Friday, 28 April 2017

Displaying info cards using an Oracle Apex named report template

For the Apex Dashboard Competition of the DOAG in 2016 I created a Apex dashboard. You can read about it in this post
One of the elements of this dashboard was a group of four infocards.

These cards display the key values for a country on a certain subject. Apart from the text the cards differ in color and the icon used.
These cards are created using a named report template. This is a special kind of report template. Using a normal report template the query columns and rows map to the columns and rows in a HTML table. A named report template consists of a HTML template in which the query columns are referenced by name. For the infocards the query and template below are combined:

select 'Population'  title
     , population    data
     , 'Number of inhabitants'  text
     , 'fa-users'   as  icon_class
     , 'db2_red'     as  container_class
from   cnt

Row Template 1 within the Report Template:

The substitution strings in the template are replaced with the corresponding values from the query.
As you can see the column values can also be used to define CSS classes as in the enclosing DIV element. The value of the column container_class defines the name of the class to applied. This class defines the color of the card. The class icon_class defines the Font Awesome icon to be used.

The cards are styled with the following CSS:

The color of the card can be defined by selecting the db2_color class as container_class in the query. 

The icon is positioned absolute relative to the card with the class db2_icon_container. Space is created for the icon container by defining  left:80px; for the main DIV containing the text.

The rest is quite straight forward CSS styling.

You can create your own Named Report Template:
- navigate to Shared Components > Templates
- press Create
- chose Report
- create the template From Scratch
- enter the name for your template and check Named Column (row template)
- then enter the HTML for the template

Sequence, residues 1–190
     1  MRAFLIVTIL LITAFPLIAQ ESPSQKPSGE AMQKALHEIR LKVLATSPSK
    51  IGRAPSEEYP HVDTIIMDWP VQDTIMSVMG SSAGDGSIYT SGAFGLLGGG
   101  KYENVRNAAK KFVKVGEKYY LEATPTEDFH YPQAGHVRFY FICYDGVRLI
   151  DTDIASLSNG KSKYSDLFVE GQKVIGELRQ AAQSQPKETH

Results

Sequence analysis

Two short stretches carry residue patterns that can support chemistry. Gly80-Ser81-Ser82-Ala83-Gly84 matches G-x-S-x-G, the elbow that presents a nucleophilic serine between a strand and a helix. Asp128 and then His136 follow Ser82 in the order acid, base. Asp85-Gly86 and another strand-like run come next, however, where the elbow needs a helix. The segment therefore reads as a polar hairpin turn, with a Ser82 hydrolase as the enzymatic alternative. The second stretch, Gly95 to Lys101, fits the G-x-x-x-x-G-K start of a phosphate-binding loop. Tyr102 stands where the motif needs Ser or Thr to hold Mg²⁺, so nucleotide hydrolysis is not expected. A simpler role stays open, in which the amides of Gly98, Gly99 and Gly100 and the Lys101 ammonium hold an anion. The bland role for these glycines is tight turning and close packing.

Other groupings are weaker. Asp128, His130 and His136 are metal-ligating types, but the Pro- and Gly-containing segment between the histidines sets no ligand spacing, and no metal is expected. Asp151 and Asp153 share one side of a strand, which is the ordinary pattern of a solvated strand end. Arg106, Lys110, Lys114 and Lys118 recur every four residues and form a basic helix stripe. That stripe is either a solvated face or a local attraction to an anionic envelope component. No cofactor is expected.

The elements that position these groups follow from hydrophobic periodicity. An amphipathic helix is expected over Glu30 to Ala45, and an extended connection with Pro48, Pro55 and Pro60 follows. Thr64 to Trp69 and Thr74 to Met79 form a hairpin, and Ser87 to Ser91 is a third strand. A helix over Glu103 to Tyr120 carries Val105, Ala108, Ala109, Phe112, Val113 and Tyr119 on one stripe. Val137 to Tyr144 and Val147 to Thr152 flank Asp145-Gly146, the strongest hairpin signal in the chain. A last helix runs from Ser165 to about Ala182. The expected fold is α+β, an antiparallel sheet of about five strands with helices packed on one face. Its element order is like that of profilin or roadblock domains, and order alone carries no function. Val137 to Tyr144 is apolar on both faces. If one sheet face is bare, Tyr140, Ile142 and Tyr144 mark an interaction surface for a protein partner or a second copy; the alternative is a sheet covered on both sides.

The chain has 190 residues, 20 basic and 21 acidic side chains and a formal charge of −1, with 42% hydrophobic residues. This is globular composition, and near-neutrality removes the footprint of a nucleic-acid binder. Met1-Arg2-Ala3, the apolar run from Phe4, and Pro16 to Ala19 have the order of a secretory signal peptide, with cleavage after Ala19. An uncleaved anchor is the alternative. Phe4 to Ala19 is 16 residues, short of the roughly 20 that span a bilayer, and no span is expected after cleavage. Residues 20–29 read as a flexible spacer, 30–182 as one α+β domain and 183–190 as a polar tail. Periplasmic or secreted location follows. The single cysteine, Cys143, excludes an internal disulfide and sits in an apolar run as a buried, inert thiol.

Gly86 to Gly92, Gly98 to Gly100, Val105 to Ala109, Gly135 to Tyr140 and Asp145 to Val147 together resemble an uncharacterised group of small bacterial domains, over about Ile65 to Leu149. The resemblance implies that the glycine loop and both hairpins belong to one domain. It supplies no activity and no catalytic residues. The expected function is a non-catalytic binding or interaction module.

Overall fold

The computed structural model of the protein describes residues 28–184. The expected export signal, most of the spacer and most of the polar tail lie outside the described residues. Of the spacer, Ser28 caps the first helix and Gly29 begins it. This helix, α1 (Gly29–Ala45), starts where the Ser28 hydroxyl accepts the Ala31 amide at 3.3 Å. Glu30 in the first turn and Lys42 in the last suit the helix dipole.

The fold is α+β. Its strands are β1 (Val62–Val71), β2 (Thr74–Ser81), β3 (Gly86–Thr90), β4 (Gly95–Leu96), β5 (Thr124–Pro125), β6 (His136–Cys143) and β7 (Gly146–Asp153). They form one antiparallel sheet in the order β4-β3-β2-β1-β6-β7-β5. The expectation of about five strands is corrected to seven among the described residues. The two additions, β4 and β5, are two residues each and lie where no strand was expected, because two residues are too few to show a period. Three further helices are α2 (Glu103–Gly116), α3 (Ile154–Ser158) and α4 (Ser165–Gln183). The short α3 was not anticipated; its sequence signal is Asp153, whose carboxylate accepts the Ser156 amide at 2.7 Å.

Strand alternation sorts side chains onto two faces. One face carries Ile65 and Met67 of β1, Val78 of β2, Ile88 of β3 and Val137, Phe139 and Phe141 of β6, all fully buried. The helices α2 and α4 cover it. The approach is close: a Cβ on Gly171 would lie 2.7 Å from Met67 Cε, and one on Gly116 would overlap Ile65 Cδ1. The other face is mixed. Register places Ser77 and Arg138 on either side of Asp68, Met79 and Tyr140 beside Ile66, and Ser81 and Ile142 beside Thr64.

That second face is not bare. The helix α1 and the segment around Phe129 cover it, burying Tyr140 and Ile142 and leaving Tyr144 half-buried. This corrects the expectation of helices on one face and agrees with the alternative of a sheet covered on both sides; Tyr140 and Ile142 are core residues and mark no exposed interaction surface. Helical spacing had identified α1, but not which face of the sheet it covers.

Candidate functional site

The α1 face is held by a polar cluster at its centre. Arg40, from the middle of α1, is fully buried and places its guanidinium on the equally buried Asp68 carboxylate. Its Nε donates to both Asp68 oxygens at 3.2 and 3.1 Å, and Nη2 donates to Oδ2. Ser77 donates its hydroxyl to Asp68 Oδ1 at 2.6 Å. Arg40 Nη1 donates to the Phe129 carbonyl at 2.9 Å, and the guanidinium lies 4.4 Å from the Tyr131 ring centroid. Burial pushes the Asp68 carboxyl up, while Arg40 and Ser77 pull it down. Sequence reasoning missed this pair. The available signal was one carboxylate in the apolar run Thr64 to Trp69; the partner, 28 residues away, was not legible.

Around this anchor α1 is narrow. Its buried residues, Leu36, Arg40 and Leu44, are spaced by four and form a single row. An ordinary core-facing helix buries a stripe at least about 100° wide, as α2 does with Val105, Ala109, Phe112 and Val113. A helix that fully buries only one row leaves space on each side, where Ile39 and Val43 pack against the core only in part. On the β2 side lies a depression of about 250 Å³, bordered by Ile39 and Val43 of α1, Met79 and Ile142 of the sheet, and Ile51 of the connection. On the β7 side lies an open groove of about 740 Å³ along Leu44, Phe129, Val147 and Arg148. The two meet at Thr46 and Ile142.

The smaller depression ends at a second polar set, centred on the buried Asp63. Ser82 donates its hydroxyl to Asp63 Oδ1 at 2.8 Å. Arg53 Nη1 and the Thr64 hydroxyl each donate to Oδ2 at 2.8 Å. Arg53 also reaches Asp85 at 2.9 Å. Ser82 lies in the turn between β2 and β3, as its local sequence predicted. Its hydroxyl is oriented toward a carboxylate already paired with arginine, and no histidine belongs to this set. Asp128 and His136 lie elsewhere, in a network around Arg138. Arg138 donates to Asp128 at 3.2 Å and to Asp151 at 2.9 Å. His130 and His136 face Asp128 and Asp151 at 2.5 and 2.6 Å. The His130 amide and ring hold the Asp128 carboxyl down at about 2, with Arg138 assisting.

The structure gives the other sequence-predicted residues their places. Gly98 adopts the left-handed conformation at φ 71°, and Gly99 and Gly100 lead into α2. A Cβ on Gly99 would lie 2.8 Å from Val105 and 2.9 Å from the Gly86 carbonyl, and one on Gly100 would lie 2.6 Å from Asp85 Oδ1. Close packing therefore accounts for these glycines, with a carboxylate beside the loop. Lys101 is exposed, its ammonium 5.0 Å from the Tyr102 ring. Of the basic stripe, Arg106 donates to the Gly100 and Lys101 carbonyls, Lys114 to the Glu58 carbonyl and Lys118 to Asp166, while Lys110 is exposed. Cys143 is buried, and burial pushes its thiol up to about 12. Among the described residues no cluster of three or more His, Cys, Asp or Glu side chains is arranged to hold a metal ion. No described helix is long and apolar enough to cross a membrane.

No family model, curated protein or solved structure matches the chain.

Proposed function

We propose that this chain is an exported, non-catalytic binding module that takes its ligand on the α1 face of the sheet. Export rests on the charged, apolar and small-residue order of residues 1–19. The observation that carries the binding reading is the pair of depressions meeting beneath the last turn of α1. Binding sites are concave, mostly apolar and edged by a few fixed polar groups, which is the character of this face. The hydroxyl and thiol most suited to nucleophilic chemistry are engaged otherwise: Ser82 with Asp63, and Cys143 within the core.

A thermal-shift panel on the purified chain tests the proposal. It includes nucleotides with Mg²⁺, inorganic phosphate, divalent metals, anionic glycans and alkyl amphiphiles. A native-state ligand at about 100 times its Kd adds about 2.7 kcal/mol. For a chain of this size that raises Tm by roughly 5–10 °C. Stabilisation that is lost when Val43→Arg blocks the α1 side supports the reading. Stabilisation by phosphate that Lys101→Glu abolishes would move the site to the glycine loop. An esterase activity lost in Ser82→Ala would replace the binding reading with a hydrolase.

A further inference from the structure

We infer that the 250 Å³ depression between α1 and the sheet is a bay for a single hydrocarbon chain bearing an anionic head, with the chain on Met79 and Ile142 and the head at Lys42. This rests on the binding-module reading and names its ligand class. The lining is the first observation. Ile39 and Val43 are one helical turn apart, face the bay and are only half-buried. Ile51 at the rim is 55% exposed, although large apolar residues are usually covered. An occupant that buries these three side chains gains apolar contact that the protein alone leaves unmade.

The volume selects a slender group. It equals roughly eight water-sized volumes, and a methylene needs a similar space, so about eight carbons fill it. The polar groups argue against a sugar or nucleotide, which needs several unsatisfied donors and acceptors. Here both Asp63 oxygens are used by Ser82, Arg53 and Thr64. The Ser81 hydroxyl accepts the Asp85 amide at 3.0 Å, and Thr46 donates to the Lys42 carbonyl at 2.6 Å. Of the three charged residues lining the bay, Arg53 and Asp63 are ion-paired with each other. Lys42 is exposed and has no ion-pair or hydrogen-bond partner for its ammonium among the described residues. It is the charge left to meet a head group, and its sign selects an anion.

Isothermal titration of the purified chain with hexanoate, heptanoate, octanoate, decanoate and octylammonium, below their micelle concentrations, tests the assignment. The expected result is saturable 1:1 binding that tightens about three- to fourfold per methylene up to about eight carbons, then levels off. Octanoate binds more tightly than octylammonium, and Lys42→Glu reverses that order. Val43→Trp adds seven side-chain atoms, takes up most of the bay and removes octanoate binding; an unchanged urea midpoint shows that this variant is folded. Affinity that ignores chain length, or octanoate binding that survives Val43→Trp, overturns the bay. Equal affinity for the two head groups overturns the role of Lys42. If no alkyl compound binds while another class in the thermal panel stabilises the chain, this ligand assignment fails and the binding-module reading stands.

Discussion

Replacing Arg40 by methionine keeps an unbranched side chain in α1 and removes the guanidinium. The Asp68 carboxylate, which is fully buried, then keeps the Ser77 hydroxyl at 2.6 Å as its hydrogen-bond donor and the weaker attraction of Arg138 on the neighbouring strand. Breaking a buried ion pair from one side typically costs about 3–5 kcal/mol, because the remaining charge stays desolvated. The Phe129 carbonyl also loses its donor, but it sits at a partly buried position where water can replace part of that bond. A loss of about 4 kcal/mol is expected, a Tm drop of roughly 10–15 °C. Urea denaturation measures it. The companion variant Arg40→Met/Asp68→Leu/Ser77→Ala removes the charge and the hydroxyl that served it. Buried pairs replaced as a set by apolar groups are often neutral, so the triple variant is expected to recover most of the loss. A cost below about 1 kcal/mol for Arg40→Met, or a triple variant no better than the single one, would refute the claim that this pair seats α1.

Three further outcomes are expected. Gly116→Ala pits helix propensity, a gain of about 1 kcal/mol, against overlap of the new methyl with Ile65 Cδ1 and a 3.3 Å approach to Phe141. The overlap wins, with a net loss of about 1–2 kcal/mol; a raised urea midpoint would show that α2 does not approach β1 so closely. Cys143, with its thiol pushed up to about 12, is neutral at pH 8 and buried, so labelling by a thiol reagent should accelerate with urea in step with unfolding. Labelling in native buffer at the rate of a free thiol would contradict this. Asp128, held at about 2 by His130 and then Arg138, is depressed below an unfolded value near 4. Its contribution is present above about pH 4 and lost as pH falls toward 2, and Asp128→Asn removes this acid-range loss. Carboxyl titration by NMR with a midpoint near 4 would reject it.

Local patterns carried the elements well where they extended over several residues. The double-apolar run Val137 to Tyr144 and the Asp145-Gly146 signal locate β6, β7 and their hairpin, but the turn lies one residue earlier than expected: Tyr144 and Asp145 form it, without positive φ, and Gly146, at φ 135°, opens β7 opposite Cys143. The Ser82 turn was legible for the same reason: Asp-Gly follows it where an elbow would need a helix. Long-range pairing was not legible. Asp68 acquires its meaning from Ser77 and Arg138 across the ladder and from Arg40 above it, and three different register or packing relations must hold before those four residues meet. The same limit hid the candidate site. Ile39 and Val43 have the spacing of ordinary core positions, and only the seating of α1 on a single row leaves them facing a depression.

Named Report Templates provides us developers with more freedom to style the output. The downside is that the templates are more specific and less widely applicable. 

Happy Apexing

Tuesday, 18 April 2017

Oracle Apex Plug-in for restricting shuttle choices

The Oracle Apex shuttle item is a neat way to select a number of values. It is however not so user friendly when the list of choices is very long. In this case it is useful to be able to limit the list of choices.
When you implement the limitation in the LOV-query of the item, the limitation will also be applied to the selected values. Usually this is not the desired behavior.
This behavior is avoided when the restricting of the left shuttle pane using JavaScript. I have created a Dynamic Action plug-in to do this. The choices in the left shuttle pane are evaluated case insensitive against the content of the search item. If the search item contains more than one string ( separated by spaces) all the strings should occur in the shuttle value. The search string 'INVOICE 2013' returns only values that contain 'INVOICE' (independent of case) and '2013'.

The plugin attributes are the shuttle item and the select item. The plugin needs to know the select item to disable submit when enter is pressed.
Furthermore the select all button is disabled once a selection is applied because this button copies everything from left to right irrespective of visibility. Once no selection is applied the button is activated again.

You can see the plug-in in action on:

As usually you can find the plugin on

Update 22-04-2017: A new version has been released with support for Safari and IE. Also the triggering item is not anymore restricted to the search item. 

Update 22-06-2017: In a new blogpost I describe a way to have direct filtering after each keystroke:

Update 22-07-2017: A new version 1.2 has been released with a bug fix.This bug prevented the plug-in form functioning. 

Happy apexing

Sunday, 9 April 2017

Finding slow JavaScript

Working with Apex I regularly write Javascript. Most of the time these client-side code snippet are blazing fast, but in some cases they take a few seconds to execute.

In these cases I want to see which part of the code is slow. In this process I use two very simple JS functions which make life a lot easier for me:

var timing_start;

function start_timing( text) {
    timing_start =;
    if ( text) { console.log('Start timing:'+text); } 

function show_timing(text)
{ console.log('Timing:'+text+', milliseconds:'+ ( );  }

You can put this code on the page or include it in a general JS file.

 The use of these functions is really simple:

code to be timed 
show_timing('Data retrieved');

This will result in the following output in the browser's console:

Timing:Data retrieved, milliseconds:784.2350000000001

The show timing calls display the elapsed time since the last call to start_timing.

Happy JavaScripting